The tragic shooting in Pittsburgh yesterday has left a dark cloud over me. While every mass shooting is truly awful, the anti-Semitic intent hit home particularly hard for me. This was an attack on my community and my people, the deadliest attack against Jews in United States history. While I am not particularly religious in my Judaism, I said the Mourner’s Kaddish, the prayer for those recently lost, to myself as I read the names of the victims this morning.
I am fearful that the kind of violent anti-Semitism we had previously only seen in history and on the other side of the world has now reared its ugly head in the U.S. I have read about rabbis calling in extra police protection for their Sunday Schools today and having to worry about active shooter drills and escape routes from their synagogues. This is not what should be happening in any place of worship in this country.
If the Jewish people are to survive dark days like yesterday, we need non-Jewish allies who are just as willing and active in speaking out against anti-Semitism as they are against any other form of hate that we see in this country. Many in Claremont like to think of themselves as activists or strong supporters of social justice causes. However, my experience as a Jew on campus does not instill confidence in me that those who stand up for social justice will stand up for me today. I instead remember all of the times that I have heard, explicitly or implicitly, that anti-Semitism is not a real problem in the contemporary United States, and that not much needs to be done to address it. Especially looking at the last 24 hours, this cannot be further from the truth.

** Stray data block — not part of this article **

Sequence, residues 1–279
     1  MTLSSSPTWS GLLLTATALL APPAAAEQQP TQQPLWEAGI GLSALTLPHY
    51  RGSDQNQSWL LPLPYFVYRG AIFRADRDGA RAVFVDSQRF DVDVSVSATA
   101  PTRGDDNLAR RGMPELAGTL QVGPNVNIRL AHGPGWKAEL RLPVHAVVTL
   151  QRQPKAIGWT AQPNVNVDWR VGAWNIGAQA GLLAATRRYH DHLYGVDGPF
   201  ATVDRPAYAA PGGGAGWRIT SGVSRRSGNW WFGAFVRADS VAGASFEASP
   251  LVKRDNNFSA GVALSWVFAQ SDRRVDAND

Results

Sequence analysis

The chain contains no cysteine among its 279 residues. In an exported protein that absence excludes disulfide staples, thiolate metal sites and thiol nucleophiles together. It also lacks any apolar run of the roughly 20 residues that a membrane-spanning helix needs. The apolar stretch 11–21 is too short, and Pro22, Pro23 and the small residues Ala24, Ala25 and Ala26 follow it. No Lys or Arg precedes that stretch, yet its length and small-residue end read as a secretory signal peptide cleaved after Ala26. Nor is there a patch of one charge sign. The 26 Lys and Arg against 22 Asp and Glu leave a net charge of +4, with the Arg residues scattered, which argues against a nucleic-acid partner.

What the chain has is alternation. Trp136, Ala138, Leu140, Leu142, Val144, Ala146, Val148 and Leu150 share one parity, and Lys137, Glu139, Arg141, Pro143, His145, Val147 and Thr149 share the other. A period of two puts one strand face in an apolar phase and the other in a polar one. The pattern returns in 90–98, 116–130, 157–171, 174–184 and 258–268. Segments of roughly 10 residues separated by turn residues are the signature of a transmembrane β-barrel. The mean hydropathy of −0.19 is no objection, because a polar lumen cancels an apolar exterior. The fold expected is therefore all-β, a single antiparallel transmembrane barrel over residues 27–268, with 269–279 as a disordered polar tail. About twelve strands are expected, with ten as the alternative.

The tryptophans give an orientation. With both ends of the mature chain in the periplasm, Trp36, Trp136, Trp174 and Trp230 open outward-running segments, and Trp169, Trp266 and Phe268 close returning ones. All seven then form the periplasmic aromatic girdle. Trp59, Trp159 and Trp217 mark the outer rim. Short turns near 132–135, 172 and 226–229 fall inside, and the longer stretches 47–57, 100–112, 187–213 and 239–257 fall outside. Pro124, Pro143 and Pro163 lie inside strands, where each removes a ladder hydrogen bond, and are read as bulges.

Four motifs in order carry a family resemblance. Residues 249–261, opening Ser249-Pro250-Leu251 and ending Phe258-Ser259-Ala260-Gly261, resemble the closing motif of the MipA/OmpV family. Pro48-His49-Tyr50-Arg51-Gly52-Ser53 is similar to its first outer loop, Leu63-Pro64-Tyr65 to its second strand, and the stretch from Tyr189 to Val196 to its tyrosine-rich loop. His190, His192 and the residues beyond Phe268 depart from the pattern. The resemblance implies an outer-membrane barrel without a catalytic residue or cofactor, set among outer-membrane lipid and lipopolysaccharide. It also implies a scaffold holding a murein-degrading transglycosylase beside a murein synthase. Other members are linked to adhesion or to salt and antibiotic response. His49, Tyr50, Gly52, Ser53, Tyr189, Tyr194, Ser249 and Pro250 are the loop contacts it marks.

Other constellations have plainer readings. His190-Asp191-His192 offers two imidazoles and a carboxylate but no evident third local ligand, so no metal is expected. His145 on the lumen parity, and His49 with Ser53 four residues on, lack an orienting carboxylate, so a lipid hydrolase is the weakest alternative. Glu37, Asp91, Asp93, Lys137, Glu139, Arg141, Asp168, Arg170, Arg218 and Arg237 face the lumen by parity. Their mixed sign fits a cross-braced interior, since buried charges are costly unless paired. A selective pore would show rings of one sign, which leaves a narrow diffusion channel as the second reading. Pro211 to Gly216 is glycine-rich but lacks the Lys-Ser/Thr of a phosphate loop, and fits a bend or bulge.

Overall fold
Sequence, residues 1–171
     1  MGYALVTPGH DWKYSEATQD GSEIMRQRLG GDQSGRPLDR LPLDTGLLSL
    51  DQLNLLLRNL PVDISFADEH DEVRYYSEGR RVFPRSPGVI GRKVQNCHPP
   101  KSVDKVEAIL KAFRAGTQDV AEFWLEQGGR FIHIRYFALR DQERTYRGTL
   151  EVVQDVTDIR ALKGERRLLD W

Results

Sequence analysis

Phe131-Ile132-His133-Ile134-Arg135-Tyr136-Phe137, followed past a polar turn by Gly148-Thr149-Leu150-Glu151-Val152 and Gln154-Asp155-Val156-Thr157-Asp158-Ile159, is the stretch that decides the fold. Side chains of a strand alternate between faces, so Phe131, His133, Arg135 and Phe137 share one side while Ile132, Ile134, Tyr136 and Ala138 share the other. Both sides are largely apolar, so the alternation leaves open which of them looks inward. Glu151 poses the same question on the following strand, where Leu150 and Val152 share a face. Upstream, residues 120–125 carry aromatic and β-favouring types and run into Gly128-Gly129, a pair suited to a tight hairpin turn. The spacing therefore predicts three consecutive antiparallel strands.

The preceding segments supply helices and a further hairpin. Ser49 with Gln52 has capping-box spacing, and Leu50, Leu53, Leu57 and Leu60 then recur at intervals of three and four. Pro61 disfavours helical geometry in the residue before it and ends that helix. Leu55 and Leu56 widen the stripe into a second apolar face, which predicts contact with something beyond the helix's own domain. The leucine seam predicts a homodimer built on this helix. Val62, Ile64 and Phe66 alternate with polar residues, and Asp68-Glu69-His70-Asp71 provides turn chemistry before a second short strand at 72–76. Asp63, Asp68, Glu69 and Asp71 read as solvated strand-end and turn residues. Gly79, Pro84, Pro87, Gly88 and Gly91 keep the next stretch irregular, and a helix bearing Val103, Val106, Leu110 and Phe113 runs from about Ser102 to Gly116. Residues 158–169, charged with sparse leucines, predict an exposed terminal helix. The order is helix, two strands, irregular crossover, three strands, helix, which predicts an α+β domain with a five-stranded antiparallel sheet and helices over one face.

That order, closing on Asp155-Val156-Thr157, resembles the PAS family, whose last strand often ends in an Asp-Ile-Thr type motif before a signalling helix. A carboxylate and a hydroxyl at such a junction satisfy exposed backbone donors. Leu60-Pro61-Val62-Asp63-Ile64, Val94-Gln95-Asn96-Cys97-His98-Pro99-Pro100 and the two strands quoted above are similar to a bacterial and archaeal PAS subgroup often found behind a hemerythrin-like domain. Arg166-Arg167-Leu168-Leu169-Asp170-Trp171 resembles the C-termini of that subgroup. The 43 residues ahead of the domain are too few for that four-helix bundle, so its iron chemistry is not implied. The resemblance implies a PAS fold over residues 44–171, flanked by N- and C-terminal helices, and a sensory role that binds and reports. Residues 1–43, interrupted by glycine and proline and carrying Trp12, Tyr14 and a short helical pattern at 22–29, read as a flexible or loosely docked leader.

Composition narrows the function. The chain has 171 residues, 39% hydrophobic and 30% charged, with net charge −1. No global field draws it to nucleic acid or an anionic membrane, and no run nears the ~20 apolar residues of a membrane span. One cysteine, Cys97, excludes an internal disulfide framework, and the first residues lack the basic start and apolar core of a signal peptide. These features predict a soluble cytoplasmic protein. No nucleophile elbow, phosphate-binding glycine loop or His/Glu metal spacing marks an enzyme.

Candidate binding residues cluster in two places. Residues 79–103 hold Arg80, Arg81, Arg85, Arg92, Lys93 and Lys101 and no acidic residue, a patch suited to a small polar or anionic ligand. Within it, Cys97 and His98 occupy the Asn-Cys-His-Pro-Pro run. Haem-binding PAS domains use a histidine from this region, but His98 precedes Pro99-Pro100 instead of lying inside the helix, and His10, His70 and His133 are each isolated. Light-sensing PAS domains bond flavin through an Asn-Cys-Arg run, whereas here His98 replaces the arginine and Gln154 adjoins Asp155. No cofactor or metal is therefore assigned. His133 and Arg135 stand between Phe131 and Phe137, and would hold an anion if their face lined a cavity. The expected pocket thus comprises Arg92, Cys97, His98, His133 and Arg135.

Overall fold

In moments like these, it is crucial to show support for the community that are the victims of violence. People can no longer deny the danger of anti-Semitism in America. The Jewish community needs non-Jewish allies who will stand up and speak out against attacks on our community. And the Jewish community needs to stand up and speak out against attacks against others.
This terrible time also provides an opportunity for our Claremont community to look inward to examine the issues the Jewish community faces on our campus. While the Claremont Consortium is very much a bubble, and may not have as severe of an internal threat of far-right anti-Semites, anti-Semitism on the left is alive and well, and must be addressed all the same. Here is an initial overview of some of the origins of anti-Semitism, and why many on the left are often blind to their own bias. While reading one article alone will not be enough, I hope it can start to open the eyes of our campus to the anti-Semitism that happens here. We as a Claremont community need to be aware and willing to speak up against all forms of bigotry and hate, while also recognizing that we can’t expect other people to show up to support us if we are not supporting others.
I want to end with a poem, written by German pastor Martin Niemöller about his experience in pre-World War II Nazi Germany:
“First they came for the socialists, and I did not speak out— Because I was not a socialist.
Then they came for the trade unionists, and I did not speak out— Because I was not a trade unionist.
Then they came for the Jews, and I did not speak out— Because I was not a Jew.
Then they came for me—and there was no one left to speak for me.”
I encourage you to think to yourself: how did you react to the news from Pittsburgh yesterday? What have you done to support the Jewish community in this difficult time? Complacency is not an option. Yesterday, they came for the Jews. What are you going to do about it?